Seven students from Dr. Barry Devine’s spring semester literature course, “Studies in the Irish Novel,” had an opportunity typically afforded to faculty and grad students when they participated in the Midwest Regional American Conference for Irish Studies Oct. 10-12.
The students and their professor traveled to Creighton University in Omaha, Nebraska, for the conference. Divided into two panels, they presented their research at the conference, the result of projects they completed for the class. One group presented their research into a digital folklore archive in Ireland and the other group presented on their research/theory papers for the course.
“It’s remarkable that both panels of Heidelberg students were accepted to present,” Barry said.
The Novels Panel was comprised of Rebekah Marstaller, Shaadia Flint, Caleb Hess and Ethan Miller. The title of their presentation was “Experiments in Language, Politics and Nature.” They explored unexpected shoots in both classic and contemporary Irish literature and the unexpected connections made by Irish writers between nature and oppression, language and structure, and satire and history.
According to their professor, the presentation focused on “four great papers exhibiting a wide variety of in-depth theory and textual criticism.”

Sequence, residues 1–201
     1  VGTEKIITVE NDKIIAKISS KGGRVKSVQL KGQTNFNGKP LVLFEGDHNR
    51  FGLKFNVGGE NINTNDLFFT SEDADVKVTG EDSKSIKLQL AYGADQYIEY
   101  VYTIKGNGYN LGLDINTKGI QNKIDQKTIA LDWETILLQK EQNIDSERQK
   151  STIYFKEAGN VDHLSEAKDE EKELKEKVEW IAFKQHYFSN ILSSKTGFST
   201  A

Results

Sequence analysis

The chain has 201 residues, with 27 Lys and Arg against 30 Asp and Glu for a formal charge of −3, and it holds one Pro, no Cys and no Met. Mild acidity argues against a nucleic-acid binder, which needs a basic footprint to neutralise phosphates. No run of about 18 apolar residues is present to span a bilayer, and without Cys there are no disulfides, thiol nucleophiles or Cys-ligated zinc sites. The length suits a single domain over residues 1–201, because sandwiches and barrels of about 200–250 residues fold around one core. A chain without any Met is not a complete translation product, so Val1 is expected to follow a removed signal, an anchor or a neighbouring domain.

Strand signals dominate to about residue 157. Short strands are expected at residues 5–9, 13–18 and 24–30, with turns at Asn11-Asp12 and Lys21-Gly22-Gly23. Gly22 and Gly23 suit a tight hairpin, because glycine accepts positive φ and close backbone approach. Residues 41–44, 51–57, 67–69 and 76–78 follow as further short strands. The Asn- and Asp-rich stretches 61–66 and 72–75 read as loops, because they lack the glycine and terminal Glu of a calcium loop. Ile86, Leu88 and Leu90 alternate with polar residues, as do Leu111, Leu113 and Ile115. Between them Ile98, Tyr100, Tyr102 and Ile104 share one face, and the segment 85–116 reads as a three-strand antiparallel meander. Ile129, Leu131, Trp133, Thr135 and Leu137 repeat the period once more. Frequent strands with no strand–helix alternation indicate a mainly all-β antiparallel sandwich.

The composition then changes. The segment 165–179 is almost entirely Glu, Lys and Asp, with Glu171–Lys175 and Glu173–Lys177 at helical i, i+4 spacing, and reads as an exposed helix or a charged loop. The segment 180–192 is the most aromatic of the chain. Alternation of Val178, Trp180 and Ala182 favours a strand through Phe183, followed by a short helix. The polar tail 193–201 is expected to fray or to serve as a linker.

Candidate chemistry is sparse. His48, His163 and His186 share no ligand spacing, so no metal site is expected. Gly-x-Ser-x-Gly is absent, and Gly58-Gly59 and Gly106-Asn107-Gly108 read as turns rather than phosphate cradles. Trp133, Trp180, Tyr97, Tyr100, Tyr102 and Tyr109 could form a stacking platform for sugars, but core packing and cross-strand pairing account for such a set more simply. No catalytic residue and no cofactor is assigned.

The Folklore Panel, with the topic “Folklore across Oceans and Generations,” was comprised of Zariyah Baynard, Madison Crow and Danielle Lester. The students drew their primary research from “The Schools’ Collection” – a fascinating repository of 740,000 pages of hand-written folklore in both English and Irish, from Irish schoolchildren in the 1930s. They investigated connections between Irish folk tales and contemporary folklore.
“The students did amazing work for a first-time foray into digital archival research,” Barry said.
The students are grateful to the Gekler family – alumna Jean Warren Gekler and Brooks Gekler – for their ongoing support of the English Department and for their significant role in making the trip possible. The trip also was supported by Heidelberg’s Pepsi and Hammel Grants for Academic Research.